The Mughal Empire ruled over Delhi for more than three centuries. The only break came during the reign of Sher Shah Suri from 1540 to 1556. Soon after, Hindu king, Hemu Vikramaditya defeated Mughal Emperor Akbar and captured the throne. The Mughals reestablished their rule shortly thereafter. During Shah Jahan’s reign, the city was known as Shahjahanabad. After the decline of the Mughal Empire, the city lost its prominence. After India’s First War of Independence in 1857, Delhi came under the direct rule of the British crown. In 1911, it was made the capital of British India.
After India won its independence in 1947 and Delhi was officially declared the capital, a team of architects led by Edwin Lutyens designed a new political and administrative area. This came to be known as New Delhi and it houses all the government buildings.
Delhi is the eighth largest metropolis in the world by population with more than 12.25 million. It has the proud distinction of being India’s cultural, political, and commercial centre. Its net State Domestic Product is around 24.5 billion dollars and its per capita income is 1,450 dollars. The tertiary sector contributes 71% of Delhi's gross SDP. Industry has grown considerably and many consumer goods industries have established manufacturing units and headquarters in and around Delhi.
Construction, power, telecommunications, health and community services, and real estate power Delhi's economy. Delhi also has India's largest retail industries. As a result, land prices are booming and Delhi is currently ranked the 7th most expensive office hotspot in the world.
Delhi has a rich cultural heritage. Arts, literature, music, dance, and theatre flourish here. It is home to many prominent personalities. Be sure to be part of the famous Qutub Festival that showcases performances by musicians and dancers from all over India. Or attend the Auto Expo, Asia's largest auto show held in Delhi. If you are a book lover, you could attend the World Book Fair the second largest exhibition of books in the world with as many as 23 nations participating!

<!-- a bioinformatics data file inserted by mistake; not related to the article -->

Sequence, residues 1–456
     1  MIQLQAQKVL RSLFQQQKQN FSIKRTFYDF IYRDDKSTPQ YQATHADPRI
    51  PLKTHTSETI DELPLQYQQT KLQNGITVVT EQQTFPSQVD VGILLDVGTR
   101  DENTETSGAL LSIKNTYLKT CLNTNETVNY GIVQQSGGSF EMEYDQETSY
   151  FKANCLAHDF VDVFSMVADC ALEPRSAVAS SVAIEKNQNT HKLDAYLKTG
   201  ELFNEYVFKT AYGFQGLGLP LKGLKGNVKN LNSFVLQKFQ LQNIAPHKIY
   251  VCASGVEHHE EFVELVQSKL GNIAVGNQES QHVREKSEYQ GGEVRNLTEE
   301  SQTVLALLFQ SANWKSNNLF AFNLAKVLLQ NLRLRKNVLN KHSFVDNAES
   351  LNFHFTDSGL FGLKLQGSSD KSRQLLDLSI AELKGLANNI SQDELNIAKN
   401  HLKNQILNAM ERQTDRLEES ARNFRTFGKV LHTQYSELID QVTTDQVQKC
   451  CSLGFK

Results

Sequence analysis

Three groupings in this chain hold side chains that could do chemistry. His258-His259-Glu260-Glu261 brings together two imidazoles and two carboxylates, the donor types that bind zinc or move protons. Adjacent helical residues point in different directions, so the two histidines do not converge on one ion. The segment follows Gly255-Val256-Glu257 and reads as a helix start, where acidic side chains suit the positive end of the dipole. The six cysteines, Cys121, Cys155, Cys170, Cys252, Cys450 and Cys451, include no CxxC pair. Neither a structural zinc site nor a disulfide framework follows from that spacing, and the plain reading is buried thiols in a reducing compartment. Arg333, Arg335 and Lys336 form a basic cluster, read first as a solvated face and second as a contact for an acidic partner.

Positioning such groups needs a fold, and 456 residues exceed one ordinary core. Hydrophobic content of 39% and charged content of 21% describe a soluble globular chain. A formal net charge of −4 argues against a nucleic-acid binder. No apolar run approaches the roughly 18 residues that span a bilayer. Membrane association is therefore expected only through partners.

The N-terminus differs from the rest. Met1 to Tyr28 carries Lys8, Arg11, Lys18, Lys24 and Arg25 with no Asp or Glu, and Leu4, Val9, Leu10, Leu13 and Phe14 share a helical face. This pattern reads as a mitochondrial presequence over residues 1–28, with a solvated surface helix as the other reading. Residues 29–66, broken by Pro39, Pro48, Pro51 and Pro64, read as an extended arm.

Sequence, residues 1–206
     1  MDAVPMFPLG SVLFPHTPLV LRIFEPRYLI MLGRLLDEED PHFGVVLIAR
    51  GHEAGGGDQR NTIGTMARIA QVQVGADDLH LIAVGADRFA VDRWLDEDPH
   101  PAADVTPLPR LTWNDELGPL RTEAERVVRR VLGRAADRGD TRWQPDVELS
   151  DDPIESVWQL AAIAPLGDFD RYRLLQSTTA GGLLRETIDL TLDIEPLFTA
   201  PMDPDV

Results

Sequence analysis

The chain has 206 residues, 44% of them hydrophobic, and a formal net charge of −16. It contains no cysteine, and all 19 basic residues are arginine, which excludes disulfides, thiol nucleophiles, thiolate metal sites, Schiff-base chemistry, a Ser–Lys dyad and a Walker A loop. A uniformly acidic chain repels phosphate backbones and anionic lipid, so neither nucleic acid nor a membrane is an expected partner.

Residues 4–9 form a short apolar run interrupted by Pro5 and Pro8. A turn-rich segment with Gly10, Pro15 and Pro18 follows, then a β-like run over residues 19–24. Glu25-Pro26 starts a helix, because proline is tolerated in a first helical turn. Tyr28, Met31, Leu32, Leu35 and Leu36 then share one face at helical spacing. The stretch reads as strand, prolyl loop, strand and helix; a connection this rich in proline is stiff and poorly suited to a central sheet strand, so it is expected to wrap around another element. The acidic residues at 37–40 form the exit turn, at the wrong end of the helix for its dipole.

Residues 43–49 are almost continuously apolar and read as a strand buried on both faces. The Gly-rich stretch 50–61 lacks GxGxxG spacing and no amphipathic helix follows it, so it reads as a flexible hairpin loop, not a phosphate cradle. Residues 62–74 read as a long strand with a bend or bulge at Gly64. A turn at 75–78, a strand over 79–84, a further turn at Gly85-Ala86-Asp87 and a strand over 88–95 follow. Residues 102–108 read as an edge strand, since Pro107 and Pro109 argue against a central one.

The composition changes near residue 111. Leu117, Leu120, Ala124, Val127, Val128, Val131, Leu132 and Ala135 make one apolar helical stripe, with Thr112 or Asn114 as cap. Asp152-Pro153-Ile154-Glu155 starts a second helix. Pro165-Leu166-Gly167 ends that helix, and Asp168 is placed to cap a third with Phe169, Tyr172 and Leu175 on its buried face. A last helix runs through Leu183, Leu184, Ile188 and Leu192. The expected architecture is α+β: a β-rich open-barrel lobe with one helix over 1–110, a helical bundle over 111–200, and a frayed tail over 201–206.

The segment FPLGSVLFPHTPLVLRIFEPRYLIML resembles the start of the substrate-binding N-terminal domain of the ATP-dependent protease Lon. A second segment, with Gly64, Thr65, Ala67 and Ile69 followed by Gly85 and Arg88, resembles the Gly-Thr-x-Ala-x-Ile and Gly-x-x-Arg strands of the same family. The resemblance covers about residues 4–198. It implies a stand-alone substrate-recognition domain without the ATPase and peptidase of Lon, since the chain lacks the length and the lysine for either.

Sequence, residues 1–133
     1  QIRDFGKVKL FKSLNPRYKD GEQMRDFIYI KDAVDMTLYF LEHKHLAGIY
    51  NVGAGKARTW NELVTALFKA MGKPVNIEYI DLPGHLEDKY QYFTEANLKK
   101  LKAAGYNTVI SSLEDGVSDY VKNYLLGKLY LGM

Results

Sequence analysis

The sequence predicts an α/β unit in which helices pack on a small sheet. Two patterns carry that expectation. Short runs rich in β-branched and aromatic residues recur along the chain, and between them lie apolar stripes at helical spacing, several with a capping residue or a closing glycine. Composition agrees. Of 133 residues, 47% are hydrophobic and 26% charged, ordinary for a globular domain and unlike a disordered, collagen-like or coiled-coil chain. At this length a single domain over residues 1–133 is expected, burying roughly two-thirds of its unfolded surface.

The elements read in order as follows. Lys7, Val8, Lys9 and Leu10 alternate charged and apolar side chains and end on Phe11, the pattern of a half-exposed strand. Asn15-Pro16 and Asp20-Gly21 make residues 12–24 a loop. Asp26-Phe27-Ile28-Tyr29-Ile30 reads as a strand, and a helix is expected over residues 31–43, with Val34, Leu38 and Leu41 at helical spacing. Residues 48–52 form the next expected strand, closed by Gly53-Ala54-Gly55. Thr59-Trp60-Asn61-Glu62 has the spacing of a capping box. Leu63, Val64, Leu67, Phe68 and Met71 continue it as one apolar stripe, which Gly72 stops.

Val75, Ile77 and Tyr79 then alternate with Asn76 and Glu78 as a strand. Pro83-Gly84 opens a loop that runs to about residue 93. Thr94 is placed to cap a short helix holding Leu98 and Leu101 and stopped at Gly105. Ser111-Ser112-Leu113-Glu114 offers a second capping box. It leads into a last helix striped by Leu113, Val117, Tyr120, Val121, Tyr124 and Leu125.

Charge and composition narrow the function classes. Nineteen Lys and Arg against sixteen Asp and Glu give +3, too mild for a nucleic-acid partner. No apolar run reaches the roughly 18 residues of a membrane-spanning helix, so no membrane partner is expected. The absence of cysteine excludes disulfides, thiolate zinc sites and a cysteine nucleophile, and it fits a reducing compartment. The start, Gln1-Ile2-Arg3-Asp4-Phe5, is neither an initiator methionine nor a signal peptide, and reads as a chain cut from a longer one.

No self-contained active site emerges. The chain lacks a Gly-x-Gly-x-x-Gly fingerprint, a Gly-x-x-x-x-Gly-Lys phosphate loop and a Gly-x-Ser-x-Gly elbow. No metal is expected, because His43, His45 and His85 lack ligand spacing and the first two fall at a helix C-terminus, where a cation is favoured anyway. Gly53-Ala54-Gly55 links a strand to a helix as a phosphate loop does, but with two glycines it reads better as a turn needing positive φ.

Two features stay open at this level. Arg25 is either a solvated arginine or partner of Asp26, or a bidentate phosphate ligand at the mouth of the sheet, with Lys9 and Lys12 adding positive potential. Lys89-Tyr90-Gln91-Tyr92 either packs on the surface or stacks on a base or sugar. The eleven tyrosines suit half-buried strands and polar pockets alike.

Delhi is a food lover’s paradise. Punjabi and Mughlai delicacies like Kababs and Biryanis are popular in Delhi. The street food there is known to be delicious and includes several kinds of chaat. People from all over the country have settled in Delhi giving it a multicultural outlook. English, Hindi, Punjabi are the main languages of the region.
Delhi has a humid subtropical climate. Summers are long and extremely hot. Dry, hot winds called ‘loo’ are common. The monsoons bring some respite but the humidity increases at this time. Winters are chilly and often see heavy fog.
Qutub Minar – At 72.5 metres, this is the world's tallest brick minaret. King Prithviraj started building it and the construction was completed by Qutubuddib and Iltutmish. The Qutub Minar is one of the best examples of Indo-Islamic architecture. It is surrounded by several other ancient and medieval structures and ruins, collectively known as Qutub complex.
Jantar Mantar – Built by Maharaja Jai Singh II of Jaipur who was given the task of revising the calendar and astronomical tables. It was built in 1724 and consists of 13 architectural astronomy instruments. It is a must-visit for astronomy and history buffs alike!
India Gate – This is the national monument of India. Situated in the heart of New Delhi, it was designed by Sir Edwin Lutyens. It was originally known as the All India War Memorial as it commemorates the 90,000 soldiers of the British Indian Army who lost their lives while fighting for the British Empire in World War I and the Third Anglo-Afghan War. Following India's independence, India Gate became the site of the Amar Jawan Jyoti or ‘the flame of the immortal soldier’.
Red Fort - Built in the 17th century by Emperor Shah Jahan, this is one of Delhi’s most prominent landmarks. It served as the capital of the Mughals until 1857, when Mughal emperor Bahadur Shah Zafar was exiled by the British. Every year on Independence Day, the Prime Minister of India raises the Indian flag here. It incorporates Persian and Indian architectural styles and is a UNESCO World Heritage Site.